Icebreaker Reactor Approved for Ground-Based Nuclear Plant

The international business arm of Russia’s state-owned nuclear power company has received a license that will allow construction of small modular reactors (SMRs), based on the design used in the country’s icebreaker shipping fleet, at ground-based nuclear power plants.

Rusatom Overseas JSC (RAOS JSC), the company representing parent company Rosatom’s international interests, on Aug. 9 announced it was granted the license from the Federal Service for Environmental, Technological and Nuclear Supervision—known as Rostekhnadzor—that will allow construction to proceed. The license specifically was granted authorizing Rusatom Overseas to move forward with a project to build an SMR with a RITM-200N reactor at a site in Ust-Kuyga, in the Republic of Sakha (Yakutia), Russia.

The Yakutia SMR project is based on technology from Rosatom used in the design of the RITM-200 reactor that powers the icebreaker ships. The RITM-200 is an integrated generation 3+ pressurized water reactor, developed by OKBM Afrikantov—a Russian nuclear engineering company—and designed to produce 55 MW of power. The RITM-200 improves upon the design of the KLT-40, a nuclear fission reactor used in earlier Russian icebreakers and floating nuclear power stations.

This is an artist’s rendering of the proposed ground-based, small modular reactor nuclear power plant that would be located in Sakha Republic (Yakutia), Russia. The facility, using technology developed for Russia’s nuclear-powered icebreaker shipping fleet, would include a RITM-200N reactor. Courtesy: Rosatom

The icebreakers are nuclear-powered ships that are purpose-built for use in waters covered with ice; Russia is the only country using such ships. The icebreakers primarily have been used to support shipping in frozen Arctic waters north of Siberia, in what is known as the Northern Sea Route (NSR).

Monday’s announcement comes two weeks after Rosatom said it would for the first time begin building icebreakers that could be powered by liquefied natural gas (LNG), an idea the company had previously abandoned.

‘Milestone’ for the Project

Rosatom officials on Monday said the licensing for the SMR at Yakutia is a “milestone” for that project, which resulted from an agreement signed by Yakutia officials and Rosatom in September 2019. Aysen Nikolayev, leader of the Sakha Republic, in December of last year said, “I am confident that the SMR nuclear power plant will provide impetus to the development of Yakutia’s arctic regions and industries located in Ust-Yansky District, and improve standards of living of local residents.”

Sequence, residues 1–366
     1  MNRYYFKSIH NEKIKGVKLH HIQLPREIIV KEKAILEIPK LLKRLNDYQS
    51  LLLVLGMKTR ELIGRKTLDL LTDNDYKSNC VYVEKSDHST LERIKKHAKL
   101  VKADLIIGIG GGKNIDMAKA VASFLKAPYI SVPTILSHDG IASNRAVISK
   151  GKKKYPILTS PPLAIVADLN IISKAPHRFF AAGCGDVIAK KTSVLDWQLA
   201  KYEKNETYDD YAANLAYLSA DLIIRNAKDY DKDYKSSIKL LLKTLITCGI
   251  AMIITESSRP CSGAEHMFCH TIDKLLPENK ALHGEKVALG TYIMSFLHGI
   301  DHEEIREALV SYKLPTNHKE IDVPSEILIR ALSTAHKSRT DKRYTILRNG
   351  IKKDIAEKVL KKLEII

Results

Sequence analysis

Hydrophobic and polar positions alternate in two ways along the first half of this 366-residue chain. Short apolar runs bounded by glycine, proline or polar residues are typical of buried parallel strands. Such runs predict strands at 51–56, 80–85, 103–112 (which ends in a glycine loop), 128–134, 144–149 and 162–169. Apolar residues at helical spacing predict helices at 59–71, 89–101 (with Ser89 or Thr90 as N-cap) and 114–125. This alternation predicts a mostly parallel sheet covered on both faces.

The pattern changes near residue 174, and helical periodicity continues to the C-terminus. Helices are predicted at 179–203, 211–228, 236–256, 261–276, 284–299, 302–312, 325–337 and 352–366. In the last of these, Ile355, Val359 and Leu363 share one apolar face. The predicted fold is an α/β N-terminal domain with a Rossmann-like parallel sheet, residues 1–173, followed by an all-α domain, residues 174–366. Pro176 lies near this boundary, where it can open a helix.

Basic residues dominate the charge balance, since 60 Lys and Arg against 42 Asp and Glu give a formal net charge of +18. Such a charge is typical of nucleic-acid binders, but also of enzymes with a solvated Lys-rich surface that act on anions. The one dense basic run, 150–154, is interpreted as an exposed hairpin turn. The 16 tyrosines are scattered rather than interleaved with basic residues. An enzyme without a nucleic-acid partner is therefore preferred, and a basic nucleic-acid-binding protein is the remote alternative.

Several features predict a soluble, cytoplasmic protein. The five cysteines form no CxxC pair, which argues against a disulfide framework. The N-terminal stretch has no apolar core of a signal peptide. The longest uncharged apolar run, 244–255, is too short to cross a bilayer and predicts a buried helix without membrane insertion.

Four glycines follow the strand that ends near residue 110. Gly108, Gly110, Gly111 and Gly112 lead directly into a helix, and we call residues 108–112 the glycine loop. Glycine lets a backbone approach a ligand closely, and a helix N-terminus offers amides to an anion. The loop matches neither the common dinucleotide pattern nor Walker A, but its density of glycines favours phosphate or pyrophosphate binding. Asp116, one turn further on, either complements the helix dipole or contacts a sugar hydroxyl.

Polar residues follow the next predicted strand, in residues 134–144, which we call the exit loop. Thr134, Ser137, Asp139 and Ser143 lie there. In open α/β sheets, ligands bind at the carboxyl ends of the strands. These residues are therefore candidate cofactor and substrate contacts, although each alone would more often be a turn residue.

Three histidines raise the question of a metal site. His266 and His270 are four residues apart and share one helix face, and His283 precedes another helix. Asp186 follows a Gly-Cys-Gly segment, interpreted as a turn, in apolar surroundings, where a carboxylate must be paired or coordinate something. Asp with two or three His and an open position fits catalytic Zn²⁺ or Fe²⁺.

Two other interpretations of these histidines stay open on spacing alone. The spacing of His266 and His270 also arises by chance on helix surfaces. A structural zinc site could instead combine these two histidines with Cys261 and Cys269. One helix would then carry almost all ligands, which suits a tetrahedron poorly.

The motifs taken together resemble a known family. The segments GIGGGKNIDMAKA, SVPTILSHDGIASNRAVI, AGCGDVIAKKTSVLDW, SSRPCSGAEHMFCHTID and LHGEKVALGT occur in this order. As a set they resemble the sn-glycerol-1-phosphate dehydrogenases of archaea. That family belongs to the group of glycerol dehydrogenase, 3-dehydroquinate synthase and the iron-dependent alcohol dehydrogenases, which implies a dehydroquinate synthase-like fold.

Oleg Sirazetdinoz, vice president of RAOS JSC, in a statement Monday said, “We have reached another milestone within our work on the SMR project in Yakutia by receiving the Rostekhnadzor license. It is an important step on our way to successful implementation of this the project which completion is scheduled for 2028.”

Six RITM-200 reactors are currently installed on what Rosatom calls “state of the art” icebreakers—the Arktika, Sibir, and Ural fleets. The company said an additional four RITM-200 reactors will be installed on other icebreakers currently under construction.

Rosatom and the Sakha Republic signed an agreement for the SMR project on Dec. 23, 2020. Yakutia officials said the agreement calls for the republic to offtake as much as 50 MW of power from the SMR after its completion, with Yakutia also assisting in site preparation for the project. Officials on Monday said most of the engineering surveying for the site is complete, along with development of the environmental impact assessment.

Construction of the SMR is expected to begin in 2024.

Sirazetdinov, speaking at a seminar last fall that focused on the Yakutia project, said, “The ground-based nuclear power plant is designed to supply power to isolated power systems or remote areas and consumers. It is distinguished by its compactness and modularity, a shortened construction period and high safety standards. I am confident that the project will not only accelerate the development of Yakutia, but will also strengthen Russia’s leading position in the field of nuclear energy on the world market.”

LNG-Fueled Icebreakers

The announcement of Rosatom’s renewed interest in LNG-powered icebreakers comes three years after discussion of a similar program. Novatek, a natural gas producer with several LNG projects in the Arctic, in 2018 had signed on to help Rosatom develop LNG-fueled icebreakers, but that plan was not implemented. Novatek has LNG-powered icebreakers in service along the NSR, operated by Russian shipping company Sovcomflot.

Rosatom has said LNG-powered icebreakers could be built for about 60 billion rubles ($814 million), half the cost of construction of a nuclear-powered ship.

Russian officials have said they want to increase the amount of cargo transported through the NSR to as much as 80 million tonnes annually; about 33 million tonnes of cargo was shipped through those waters last year. Russia has said it wants to increase the shipping of hydrocarbons, including oil and natural gas, that are produced in the Arctic.

“We are now returning to this topic [building LNG-powered icebreakers],” said Alexei Likhachev, Rosatom’s CEO, in late July. “I think that by the end of the year we will decide on the possible construction of two to four medium-sized icebreakers.”

Darrell Proctor is a senior associate editor for POWER (@POWERmagazine).

SHARE this article